Bishops up pressure on Cowen after poll plunge
THE Catholic hierarchy last night threw down the gauntlet to Taoiseach Brian Cowen over education cuts as support for Fianna Fail slumped to an all-time low.
Mr Cowen returned home from China yesterday as a devastating new poll revealed that, for the first time, Fine Gael has overtaken Fianna Fail as the most popular party in the country. The bishops' intervention -- in which they express their "dismay" at the cuts -- will come as a major blow to Mr Cowen.
He is also facing growing backbench unrest over the Government's disastrous handling of the medical card issue -- and its Budget plans to save money by increasing class sizes and cutting teaching posts.
In a hard-hitting joint statement, the Irish Catholic Bishops' Commission for Education and the Conference of Religious of Ireland (CORI) said: "We are dismayed that the Budget for education hurts the most vulnerable people in society.
"We call on the Government to revisit this Budget, bearing in mind that it is education that guarantees the future of the nation. It is how we deal with the most vulnerable that defines out society."
In an extraordinary turnaround, support for Fianna Fail has plummeted to just 26pc, with the fallout from the Budget threatening to tear the party apart. Meanwhile, Fine Gael has jumped to 33pc while Labour has gained five points to 15pc.
Mr Cowen was staying silent on the poll findings last night. Government sources said he was going "straight to bed" after a 15-hour flight back from the trade mission to China.
But he will have to brace himself for a fresh political storm this week, including:
l A Green Party meeting on the education cuts tomorrow.
l A massive rally by primary teachers and parents outside the Dail on Wednesday.
l Lobbying for more Budget changes from his own backbenchers.
Justice Minister Dermot Ahern last night attempted to hold the party line by declaring the Government could not be deflected from making "unpalatable decisions" by the results of opinion polls.
"If we avoid these difficult decisions we are going to go down the road that governments of every hue and cry did in the 70s and 80s and put us into bankruptcy," he told RTE's 'Week in Politics'.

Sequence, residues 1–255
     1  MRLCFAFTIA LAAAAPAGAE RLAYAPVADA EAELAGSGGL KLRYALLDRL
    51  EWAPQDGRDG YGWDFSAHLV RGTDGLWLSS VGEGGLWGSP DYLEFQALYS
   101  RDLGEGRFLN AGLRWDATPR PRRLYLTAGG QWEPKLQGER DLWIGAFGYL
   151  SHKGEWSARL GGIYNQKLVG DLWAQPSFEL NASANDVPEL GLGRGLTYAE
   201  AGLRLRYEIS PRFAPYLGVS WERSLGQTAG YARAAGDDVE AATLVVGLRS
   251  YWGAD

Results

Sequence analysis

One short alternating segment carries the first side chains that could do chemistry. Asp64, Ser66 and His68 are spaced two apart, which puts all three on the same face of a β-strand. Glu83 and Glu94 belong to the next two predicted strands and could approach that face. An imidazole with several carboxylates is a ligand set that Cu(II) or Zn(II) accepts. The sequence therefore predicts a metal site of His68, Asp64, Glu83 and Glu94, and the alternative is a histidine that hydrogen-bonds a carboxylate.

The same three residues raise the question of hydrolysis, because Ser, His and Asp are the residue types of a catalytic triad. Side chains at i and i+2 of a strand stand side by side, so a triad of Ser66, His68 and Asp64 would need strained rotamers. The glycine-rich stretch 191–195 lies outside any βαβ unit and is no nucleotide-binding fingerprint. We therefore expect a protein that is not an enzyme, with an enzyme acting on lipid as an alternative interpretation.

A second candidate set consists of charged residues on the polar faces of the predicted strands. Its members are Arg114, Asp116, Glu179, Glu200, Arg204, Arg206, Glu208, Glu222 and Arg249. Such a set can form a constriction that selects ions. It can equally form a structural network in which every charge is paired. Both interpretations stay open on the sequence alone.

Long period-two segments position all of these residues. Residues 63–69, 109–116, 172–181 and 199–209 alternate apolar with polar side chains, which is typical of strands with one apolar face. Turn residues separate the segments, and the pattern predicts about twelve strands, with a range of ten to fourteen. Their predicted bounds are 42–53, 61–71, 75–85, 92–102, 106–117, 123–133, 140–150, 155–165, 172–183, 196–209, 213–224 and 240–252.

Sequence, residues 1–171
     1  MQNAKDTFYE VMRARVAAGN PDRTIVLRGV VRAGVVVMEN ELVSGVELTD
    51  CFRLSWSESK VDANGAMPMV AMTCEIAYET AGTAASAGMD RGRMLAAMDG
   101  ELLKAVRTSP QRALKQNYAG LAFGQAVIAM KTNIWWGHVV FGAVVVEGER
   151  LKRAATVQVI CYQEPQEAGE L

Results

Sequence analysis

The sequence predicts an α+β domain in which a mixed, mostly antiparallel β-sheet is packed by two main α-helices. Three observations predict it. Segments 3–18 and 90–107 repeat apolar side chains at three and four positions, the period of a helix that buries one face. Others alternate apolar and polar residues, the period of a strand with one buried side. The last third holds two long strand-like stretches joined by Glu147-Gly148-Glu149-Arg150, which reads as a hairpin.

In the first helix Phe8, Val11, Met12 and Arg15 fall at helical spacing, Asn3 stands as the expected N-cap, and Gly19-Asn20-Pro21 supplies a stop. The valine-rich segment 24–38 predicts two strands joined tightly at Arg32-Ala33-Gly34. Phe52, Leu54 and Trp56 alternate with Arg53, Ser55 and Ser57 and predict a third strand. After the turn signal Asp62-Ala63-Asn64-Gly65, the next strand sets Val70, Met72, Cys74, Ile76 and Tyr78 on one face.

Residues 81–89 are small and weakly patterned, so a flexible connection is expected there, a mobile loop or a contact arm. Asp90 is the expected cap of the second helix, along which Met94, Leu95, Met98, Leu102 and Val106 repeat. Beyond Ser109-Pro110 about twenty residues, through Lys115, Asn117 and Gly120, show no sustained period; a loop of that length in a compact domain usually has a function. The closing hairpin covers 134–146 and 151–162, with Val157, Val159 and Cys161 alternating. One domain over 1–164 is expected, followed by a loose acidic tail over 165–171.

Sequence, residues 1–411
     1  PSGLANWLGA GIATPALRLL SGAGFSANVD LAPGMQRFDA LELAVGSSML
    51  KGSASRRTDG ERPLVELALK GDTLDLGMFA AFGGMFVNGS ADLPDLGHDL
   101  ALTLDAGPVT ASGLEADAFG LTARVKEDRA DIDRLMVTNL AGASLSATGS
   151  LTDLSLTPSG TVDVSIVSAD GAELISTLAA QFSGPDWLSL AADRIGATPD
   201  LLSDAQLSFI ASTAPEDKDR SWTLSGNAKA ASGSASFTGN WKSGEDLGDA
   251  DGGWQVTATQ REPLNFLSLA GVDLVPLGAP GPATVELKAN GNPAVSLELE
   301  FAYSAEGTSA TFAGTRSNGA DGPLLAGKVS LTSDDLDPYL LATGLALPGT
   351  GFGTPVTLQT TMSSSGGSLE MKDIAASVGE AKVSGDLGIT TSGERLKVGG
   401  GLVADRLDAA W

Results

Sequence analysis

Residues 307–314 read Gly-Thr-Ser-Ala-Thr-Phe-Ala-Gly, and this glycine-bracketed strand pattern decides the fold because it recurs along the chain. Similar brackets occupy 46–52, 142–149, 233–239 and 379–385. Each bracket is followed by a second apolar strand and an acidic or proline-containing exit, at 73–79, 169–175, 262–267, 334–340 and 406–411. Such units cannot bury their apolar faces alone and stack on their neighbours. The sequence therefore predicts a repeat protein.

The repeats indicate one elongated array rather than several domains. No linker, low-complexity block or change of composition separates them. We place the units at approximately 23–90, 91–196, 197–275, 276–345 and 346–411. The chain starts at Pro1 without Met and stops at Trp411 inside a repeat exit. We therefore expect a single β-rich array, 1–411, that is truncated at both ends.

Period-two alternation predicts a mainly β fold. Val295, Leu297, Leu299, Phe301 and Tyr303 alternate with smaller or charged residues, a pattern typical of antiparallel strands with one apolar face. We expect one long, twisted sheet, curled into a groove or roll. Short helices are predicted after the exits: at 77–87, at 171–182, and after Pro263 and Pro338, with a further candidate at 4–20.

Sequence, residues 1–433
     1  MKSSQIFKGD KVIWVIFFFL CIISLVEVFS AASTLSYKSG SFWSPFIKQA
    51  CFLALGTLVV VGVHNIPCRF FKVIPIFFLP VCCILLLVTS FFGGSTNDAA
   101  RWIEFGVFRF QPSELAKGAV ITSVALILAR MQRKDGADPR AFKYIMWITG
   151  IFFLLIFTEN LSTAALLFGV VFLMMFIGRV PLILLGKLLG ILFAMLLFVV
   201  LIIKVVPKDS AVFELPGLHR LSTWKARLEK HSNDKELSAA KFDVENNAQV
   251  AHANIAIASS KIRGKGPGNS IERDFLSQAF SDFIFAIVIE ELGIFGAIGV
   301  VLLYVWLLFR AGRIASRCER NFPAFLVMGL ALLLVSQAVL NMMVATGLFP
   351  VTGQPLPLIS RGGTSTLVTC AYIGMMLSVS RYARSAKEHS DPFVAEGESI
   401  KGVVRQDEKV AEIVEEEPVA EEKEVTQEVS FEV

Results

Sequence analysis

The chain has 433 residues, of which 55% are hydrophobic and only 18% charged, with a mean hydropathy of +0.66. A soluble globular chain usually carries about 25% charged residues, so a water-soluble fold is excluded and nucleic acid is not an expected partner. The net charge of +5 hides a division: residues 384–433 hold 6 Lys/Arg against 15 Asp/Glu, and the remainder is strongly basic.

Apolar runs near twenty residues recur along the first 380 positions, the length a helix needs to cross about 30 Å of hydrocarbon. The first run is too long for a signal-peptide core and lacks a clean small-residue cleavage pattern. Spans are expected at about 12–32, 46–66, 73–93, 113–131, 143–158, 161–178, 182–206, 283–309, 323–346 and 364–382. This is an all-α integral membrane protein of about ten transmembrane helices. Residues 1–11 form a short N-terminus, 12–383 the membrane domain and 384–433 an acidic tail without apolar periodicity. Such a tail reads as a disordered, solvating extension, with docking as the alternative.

But Fianna Fail TDs made it clear that they, along with Green Party backbencher Paul Gogarty, wanted changes to the education cutbacks. If the party does not improve its performance it faces the loss of up to 30 seats in a general election.
Tipperary South TD Mattie McGrath said there had to be "leeway" on the class-size issue to make up for the "monumental error" on the medical card issue in the Budget.
"If you have 81 pupils in a four-teacher school and it goes to 82, you lose a teacher, that's ridiculous. There has to be a bit of room for some retraction there," he said.
As well as claiming that the Fianna Fail organisation was "seething" at the way the Budget was handled, he also called for Health Minister Mary Harney to be moved to another department.
Fianna Fail Cork North Central TD Noel O'Flynn also said party members were "fuming". He said Fianna Fail had learnt an expensive lesson from the "disastrous" handling of the medical card issue.
Although Fine Gael finance spokesman Richard Bruton welcomed the result of the opinion poll, he cautioned that talk of an early election was premature.
"I don't see an election immediately on the horizon."
The Labour party, which is bringing a private members motion calling for the class size increases to be reversed, said its 15pc rating was the highest it had ever received in a Red C poll.
"We think it reflects the strong performance of our party leader Eamon Gilmore and the parliamentary party in recent weeks," a party spokesman said.